Acteon Pays $441,000 to Settle Two OFAC Enforcement Actions

We can add Acteon to the list of OFAC settlements for 2019, which is quickly turning into a robust sanctions’ enforcement year.  Acteon is a UK based company, which provides subsea services in the oil and gas industry.  (Acteon recently announced the acquisition of Benthic, an Australian owned subsea company, which operates out of Houston, Texas).

In the first enforcement action, Acteon and its operating company 2H Offshore Engineering, agreed to pay $227,500 to settle an OFAC enforcement action for seven apparent violations of the Cuban Sanctions program.  Between 2011 and 2012, 2H Offshore’s Malaysian affiliate  (2H Offshore KL) produced analytical reports, and sent employees to Cuba to present these reports relating to oil exploration projects in Cuban territorial waters.  The reports were prepared in connection with a project managed by Petronas, Repsol, PDVSA Cuba, and JSC Zarebezhneft.

2H Offshore’s violations involved misconduct by its former Global Director who was responsible for oversight of its Technical Director who supervised day-to-day operations.  On November 13, 2008, the Technical Director asked the Global Director for guidance on an email from an 2H Offshore Brazil director stating that 2H Offshore could not participate in an offshore project in Cuba’s territorial waters because 2H Offshore was a US company.  The Global Director sent the Technical Director a copy of 2007 guidance from Acteon, the parent company, prohibiting any work or trade involving Cuba.

Despite this Acteon policy, the Global Director stated that he/she did not want to turn away potential work involving Petronas, and he/she wanted to find a way around the Acteon prohibition.  The Global Director contacted the Acteon Finance Director seeking approval to work on the Petronas project for Repsol.  Subsequent messages made it clear that the drilling operation would occur in Cuba.  The Finance Director told the Global Director and Technical Director that Acteon’s prior US-owner, KKR, approved the work but imposed conditions that the report be marked confidential and not provided to anyone else.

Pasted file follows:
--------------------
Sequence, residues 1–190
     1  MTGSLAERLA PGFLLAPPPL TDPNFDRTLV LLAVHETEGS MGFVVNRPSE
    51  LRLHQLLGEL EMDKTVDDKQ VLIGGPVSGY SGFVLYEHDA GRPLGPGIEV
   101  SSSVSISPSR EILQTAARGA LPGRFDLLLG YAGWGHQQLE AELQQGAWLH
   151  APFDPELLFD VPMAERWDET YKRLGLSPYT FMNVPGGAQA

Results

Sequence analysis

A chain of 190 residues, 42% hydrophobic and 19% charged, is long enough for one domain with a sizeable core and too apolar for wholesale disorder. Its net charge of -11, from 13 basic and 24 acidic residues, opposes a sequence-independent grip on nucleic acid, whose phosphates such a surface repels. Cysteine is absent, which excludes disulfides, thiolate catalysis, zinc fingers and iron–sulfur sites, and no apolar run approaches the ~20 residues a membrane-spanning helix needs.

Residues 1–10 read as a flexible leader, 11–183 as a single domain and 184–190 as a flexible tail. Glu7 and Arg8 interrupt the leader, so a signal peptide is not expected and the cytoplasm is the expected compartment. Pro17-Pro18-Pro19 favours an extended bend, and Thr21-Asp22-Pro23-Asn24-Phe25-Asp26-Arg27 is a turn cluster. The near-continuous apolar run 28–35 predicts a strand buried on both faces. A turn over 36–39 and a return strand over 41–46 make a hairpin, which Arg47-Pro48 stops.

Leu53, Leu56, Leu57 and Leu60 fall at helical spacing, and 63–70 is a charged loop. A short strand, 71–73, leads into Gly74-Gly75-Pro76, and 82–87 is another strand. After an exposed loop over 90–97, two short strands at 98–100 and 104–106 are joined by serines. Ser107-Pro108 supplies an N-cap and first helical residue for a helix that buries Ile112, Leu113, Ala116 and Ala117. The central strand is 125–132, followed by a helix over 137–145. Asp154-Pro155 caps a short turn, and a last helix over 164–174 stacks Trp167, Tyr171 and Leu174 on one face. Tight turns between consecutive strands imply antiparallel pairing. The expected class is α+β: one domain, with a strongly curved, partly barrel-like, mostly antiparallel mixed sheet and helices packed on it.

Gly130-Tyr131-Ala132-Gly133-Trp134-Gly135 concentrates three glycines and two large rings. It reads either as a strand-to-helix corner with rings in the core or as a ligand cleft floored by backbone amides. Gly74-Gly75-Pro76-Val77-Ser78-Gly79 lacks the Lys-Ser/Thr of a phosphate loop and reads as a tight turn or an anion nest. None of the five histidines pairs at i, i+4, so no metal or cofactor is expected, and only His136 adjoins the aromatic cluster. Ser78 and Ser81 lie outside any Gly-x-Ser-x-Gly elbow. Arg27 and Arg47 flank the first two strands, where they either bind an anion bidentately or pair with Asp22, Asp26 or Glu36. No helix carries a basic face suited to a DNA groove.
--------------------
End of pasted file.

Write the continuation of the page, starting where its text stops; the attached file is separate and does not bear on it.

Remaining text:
In 2010, 2H Offshore KL began providing services for the Petronas project in Cuba, and in 2011, the Technical Director proposed to the Global Director to present at a workshop (and conveniently omitted the name of the country, Cuba from the request).  With respect to this project, the Global Director later advised an administrative employee to replace the words “Cuba” or “Cuban” with “Central America” or “Central American” in post-expense reports.  After the project was completed, the Technical Director also advised changing identifying terms from “Cuba” to “Petronas.”

In October 2011, the Global Director emailed the Technical Director regarding a business opportunity with PDVSA Cuba, and stated that PDVSA must understand that 2H Offshore KL was doing this work “under cover so if things can be done over the phone or video conference will be best thus avoiding a trip to Cuba.”  The Global Director and Technical Director avoided executing a contract directly with PDVSA Cuba and substituted a Venezuelan affiliate.  The Technical Director removed references to “Cuba” in the letter of intent.  2H Offshore KL also provided work relating to another oil rig in Cubas territorial waters for Zarubezhneft.  The Technical Director entered this contract without informing the Global Director.